The signal was distant and the gambit was abandoned, but no one at the time was aware how lucky Lennon had been. “It wasn’t until many years later,” Emerick concluded, “that I realized with horror that the microphone we were using was phantom-powered – meaning that it actually was a live electrical object. In conjunction with the 240-volt system used in England, any of us, including Lennon, could easily have been electrocuted, and I would have gone down in history as the first recording engineer to kill a client in the studio.”
A great anecdote, one of fifteen about the making of “Revolver” that you can find here, thanks to Rolling Stone:
Side one finishes with Lennon’s catchy “She Said She Said”, then side two kicks in with another McCartney classic:”Good Day Sunshine” followed by Lennon’s terrific “And Your Bird Can Sing” – here is an audio only version:
McCartney’s ballad “For No One” is next, followed by Lennon’s expose of his
“Doctor Robert”, then George offers up his catchy “I Want to Tell You” before Paul gives us another masterpiece:
“Got to Get You into My Life”
McCartney’s writing is at its peak on “Revolver”, with another instantly iconic song:
“I was alone, I took a ride
I didn’t know what I would find there”
Here is Paul performing this classic in 2011:
“Tomorrow Never Knows” is the album’s finale, and as wikipedia notes:
“marks a progression from the group’s 1965 release “Rubber Soul” in terms of style and experimentation, and heralded the band’s arrival as studio innovators. The album’s sounds include the incorporation of tape loops and backwards recordings on the psychedelic “Tomorrow Never Knows”, the use of a classical string octet on “Eleanor Rigby”, and the Indian-music backing of “Love You To”. Aside from methods such as varispeeding, reversed tapes, and close audio miking, the sessions for the album resulted in the invention of automatic double tracking (ADT), a technique that was invented by engineers at Abbey Road studios, and was soon adopted throughout the recording industry.”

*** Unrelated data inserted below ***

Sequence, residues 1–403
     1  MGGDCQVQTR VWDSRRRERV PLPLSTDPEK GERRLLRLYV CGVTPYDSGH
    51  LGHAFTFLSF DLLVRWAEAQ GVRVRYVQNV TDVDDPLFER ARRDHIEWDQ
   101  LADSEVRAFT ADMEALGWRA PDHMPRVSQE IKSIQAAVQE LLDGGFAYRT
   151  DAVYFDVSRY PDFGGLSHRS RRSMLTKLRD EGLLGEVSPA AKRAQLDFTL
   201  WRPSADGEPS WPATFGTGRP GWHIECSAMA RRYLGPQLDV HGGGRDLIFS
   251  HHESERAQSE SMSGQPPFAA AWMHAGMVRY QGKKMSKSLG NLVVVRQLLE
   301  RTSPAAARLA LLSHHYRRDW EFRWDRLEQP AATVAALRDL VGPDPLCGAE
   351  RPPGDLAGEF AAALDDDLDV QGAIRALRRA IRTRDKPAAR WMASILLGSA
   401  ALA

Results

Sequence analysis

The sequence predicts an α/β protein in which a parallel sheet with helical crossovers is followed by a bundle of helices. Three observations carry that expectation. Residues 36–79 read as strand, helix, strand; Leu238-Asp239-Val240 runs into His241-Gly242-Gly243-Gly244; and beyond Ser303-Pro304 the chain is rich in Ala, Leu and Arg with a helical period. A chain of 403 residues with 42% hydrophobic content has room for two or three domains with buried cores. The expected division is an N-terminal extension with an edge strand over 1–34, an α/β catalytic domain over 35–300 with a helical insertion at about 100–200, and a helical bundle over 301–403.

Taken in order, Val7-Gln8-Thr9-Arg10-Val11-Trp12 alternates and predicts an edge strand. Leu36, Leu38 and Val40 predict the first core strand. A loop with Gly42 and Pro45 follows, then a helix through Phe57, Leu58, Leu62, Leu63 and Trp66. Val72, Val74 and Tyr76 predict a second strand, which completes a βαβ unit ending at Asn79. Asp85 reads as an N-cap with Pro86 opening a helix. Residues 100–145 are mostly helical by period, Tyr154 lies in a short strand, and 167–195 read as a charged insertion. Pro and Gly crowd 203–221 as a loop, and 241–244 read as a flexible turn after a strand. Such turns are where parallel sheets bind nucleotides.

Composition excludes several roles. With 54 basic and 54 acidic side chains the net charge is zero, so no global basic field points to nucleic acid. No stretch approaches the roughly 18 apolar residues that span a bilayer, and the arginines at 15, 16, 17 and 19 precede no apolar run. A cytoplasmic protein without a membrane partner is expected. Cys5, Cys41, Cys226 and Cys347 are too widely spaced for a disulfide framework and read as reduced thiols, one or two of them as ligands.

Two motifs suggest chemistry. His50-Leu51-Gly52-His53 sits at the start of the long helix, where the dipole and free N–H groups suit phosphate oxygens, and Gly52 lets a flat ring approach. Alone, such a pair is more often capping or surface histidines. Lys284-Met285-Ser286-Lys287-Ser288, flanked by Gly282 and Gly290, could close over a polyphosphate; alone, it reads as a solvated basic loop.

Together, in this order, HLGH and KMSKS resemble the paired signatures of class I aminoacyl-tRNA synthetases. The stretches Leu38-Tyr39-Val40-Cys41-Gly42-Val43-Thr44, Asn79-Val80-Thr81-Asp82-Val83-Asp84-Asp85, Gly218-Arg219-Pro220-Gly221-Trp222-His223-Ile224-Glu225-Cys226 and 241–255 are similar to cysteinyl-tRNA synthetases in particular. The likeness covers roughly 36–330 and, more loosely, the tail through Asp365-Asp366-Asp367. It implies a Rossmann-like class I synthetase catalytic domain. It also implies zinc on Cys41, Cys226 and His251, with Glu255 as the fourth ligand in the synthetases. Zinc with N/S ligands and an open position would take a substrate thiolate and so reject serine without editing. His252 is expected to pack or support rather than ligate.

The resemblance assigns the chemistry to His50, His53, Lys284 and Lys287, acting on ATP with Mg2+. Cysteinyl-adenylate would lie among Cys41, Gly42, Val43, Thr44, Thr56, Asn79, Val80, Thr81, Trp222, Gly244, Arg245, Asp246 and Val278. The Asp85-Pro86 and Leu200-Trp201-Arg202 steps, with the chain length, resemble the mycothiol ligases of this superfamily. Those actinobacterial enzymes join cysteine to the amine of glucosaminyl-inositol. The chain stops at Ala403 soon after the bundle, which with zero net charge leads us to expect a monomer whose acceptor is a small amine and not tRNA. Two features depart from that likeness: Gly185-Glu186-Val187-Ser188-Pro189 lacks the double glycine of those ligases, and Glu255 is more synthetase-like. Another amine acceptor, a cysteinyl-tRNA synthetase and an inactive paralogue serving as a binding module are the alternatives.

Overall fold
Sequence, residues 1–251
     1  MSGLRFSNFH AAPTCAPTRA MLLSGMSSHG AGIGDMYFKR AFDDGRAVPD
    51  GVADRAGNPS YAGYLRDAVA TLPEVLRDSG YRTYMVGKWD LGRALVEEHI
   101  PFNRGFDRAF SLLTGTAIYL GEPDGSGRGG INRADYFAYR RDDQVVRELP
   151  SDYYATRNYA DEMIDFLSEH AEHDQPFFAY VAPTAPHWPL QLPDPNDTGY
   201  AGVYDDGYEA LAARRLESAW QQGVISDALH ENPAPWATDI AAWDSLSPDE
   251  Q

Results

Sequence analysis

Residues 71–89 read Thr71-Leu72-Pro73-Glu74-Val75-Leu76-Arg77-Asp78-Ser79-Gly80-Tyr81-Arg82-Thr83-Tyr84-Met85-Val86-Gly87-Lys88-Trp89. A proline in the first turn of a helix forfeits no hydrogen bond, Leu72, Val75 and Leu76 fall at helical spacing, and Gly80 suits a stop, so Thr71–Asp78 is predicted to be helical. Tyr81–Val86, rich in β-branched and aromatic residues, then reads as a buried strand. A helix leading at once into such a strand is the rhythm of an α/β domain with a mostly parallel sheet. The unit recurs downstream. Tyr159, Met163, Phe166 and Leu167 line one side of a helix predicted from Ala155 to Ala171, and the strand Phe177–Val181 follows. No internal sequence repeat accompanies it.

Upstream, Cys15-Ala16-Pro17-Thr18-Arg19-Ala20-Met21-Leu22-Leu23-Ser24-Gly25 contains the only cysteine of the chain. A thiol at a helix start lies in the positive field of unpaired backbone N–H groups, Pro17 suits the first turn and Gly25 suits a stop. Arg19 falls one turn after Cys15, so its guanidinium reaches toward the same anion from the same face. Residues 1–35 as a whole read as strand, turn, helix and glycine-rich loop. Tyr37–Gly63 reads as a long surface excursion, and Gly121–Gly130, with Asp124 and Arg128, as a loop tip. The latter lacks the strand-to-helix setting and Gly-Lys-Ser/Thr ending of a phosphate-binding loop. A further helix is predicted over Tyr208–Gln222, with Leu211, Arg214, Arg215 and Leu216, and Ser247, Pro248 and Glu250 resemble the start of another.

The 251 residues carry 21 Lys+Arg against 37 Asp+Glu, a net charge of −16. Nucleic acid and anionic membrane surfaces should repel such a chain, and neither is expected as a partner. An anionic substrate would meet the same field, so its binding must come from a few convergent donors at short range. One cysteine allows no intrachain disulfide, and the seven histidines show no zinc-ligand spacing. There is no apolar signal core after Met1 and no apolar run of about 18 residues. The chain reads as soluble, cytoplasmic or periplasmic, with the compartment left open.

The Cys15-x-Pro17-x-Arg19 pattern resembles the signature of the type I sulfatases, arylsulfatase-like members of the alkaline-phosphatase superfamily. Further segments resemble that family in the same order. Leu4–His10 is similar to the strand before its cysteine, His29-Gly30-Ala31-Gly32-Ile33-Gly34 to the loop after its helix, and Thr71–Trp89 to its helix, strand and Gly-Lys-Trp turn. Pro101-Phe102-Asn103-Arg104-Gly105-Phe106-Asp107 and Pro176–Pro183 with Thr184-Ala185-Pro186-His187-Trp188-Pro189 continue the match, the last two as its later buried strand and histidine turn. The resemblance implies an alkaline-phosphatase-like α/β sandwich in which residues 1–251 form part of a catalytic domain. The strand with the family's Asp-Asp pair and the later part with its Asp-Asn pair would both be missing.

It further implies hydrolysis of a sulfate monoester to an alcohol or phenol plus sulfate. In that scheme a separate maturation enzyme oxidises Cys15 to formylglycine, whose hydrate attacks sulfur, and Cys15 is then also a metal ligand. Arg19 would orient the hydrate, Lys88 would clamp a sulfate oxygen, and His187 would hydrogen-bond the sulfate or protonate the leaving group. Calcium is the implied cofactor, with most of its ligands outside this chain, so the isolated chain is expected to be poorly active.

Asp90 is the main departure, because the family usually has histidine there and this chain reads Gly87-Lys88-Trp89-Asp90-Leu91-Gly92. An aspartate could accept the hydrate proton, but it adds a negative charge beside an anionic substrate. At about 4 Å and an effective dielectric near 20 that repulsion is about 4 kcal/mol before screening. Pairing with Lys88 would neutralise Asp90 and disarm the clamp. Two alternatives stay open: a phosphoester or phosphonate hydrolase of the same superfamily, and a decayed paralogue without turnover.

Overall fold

So there you have it, an album that was incredibly experimental at the time, and has stood the test of time as well.
There were some promotional movies created for the songs, which you can find here:
See all of the incredible music videos from The Beatles here:
“Paperback Writer” was another song recorded during the “Revolver” sessions, but released just as a single…but that’s nothing, some of the band’s best music was written for others!
See some of the great songs they gave away to other artists here:
If you want to read more about “Revolver”, here is a great article from “The Daily Beast”:
And I had the chance to see a special 50th celebration of The Beatles At The Hollywood Bowl:
You can see my review, with performance clips, here:
Finally, McCartney just gave an interview to Q magazine about his last recording with the surviving members of the band:
You can see what he said about the spirit of John being with them as they recorded “Free As A Bird” in my story here:
“Revolver” at 50 is still going strong!